THE FUTURE of nuclear power has long been clouded by the question of where and how to store radioactive waste and spent nuclear fuel. There may come a day--perhaps as soon as 1986-- when the limited, short-term storage facilities adjacent to some power plants fill up. Then what? Will existing plants have to curb operations?

Recent California laws effectively ban new plants in that state until the federal government fulfills its longstanding commitment to find a national solution to disposal of nuclear material, whether by burying it in underground salt domes, burrowing into granite formations or sticking the stuff into Nevada's volcanic tuff. On their face, the California laws are designed to prevent further reliance on an uncertain energy source. But the argument sounds a bit like a subterfuge by nuclear power opponents. And if other states follow, it would slow nuclear development even further, if that's possible. The Supreme Court will soon decide whether California's cautious planning illegally interferes with the national effort to promote and regulate nuclear power.

In December, Congress enacted the Nuclear Waste Policy Act of 1982, which provides a scheme for interim storage of radioactive waste and an elaborate road map for reaching a long-delayed federal decision on permanent disposal facilities, to open for business by the late 1990s. This legislation, difficult years in the making and certainly cause for hope, hardly represents a solution. The interim storage capacity is so small that it will only handle the load if existing plants agressively build additional storage space and share underused storage capacity at other facilities. Those stopgap measures will surely raise the same kind of local political and environmental objections that traditionally go with the effort to develop nuclear power. And for the longer run, while the careful timetable of feasibility studies, site comparisons and environmental "assessments" sounds reasonable enough, it is a close schedule that could easily slip considerably.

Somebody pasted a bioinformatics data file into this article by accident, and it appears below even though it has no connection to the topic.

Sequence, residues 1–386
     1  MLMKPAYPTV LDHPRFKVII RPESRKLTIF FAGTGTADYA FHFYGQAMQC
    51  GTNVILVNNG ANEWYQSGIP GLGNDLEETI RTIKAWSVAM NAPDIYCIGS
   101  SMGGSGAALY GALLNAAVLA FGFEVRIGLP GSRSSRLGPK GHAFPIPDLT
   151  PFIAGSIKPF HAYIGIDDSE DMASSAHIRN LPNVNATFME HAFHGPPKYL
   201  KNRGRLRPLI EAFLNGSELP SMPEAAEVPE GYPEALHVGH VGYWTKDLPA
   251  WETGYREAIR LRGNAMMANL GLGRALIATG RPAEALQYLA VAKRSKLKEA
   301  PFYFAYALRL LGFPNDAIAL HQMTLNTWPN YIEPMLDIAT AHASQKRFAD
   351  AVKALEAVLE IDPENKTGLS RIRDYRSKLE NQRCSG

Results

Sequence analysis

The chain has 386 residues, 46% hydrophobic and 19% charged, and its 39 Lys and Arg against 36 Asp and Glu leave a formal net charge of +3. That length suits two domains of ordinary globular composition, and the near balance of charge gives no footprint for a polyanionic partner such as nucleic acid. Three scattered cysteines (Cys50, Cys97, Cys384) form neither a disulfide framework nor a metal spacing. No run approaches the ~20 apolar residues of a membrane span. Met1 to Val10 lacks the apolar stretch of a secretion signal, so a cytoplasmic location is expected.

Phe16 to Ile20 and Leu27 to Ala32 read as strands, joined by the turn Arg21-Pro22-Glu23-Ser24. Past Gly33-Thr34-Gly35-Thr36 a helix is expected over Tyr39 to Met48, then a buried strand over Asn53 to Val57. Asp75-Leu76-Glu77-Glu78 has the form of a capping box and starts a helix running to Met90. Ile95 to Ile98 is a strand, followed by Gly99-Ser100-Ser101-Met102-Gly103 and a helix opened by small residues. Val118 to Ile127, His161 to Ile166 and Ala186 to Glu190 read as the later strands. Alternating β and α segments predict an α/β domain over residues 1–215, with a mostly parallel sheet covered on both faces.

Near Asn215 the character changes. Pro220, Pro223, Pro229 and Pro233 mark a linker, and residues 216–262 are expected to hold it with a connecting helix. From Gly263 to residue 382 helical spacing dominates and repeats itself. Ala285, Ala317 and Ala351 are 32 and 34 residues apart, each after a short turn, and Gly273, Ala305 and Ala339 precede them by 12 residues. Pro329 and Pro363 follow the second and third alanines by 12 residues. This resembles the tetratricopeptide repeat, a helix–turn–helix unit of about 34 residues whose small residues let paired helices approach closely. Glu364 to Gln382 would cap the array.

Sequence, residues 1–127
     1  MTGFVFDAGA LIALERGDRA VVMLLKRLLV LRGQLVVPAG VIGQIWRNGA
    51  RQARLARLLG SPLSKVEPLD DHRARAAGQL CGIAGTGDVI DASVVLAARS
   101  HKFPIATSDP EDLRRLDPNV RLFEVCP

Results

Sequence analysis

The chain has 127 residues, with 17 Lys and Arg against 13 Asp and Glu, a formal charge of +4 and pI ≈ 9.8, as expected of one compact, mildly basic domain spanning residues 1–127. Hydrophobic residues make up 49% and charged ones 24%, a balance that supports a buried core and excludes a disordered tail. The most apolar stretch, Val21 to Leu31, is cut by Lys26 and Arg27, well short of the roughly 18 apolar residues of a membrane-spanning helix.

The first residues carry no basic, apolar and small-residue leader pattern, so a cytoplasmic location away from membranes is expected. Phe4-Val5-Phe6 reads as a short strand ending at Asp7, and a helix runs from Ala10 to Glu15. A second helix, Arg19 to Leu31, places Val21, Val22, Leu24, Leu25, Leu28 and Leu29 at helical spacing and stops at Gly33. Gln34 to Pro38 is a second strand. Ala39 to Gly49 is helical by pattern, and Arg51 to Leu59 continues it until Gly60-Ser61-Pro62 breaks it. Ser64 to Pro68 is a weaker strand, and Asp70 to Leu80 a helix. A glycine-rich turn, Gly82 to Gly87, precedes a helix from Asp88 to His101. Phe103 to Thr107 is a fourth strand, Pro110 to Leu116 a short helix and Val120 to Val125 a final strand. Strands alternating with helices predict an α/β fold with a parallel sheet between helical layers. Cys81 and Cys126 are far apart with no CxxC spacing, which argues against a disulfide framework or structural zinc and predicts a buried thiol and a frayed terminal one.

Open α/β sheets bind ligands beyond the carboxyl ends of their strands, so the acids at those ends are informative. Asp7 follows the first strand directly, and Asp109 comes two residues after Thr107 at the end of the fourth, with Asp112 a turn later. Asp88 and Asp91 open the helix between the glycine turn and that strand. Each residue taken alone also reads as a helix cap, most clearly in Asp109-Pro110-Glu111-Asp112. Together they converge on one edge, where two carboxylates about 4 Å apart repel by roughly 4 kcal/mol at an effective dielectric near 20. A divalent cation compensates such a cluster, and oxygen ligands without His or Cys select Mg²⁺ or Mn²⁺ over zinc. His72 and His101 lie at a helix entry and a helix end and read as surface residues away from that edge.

The statute cleverly does away with the need for a controversial appropriation down the road by charging utilities now for the storage capacity they will get near the turn of the century. But the government's ultimate choice of permanent storage sites will surely trigger political shock waves: just look at the delays in deciding where to put garbage dumps, prisons and MX missiles.

Nuclear power development should be an important part of our energy future. Some areas of concern, such as plant safety or the transportation of radioactive materials, are best left almost exclusively to federal authorities. Local governments, for example, should not be able to override federal regulations and ban shipment of radioactive materials through their jurisdictions--another case now in federal court. The federal government's promises about waste storage, however, are to an extent only elaborate road maps, and they should mature into concrete action before either courts or Congress instruct states to abandon cautious planning. For now, California's approach is within the range of reason. If the next few years go well, the same restraint will be unnecessary.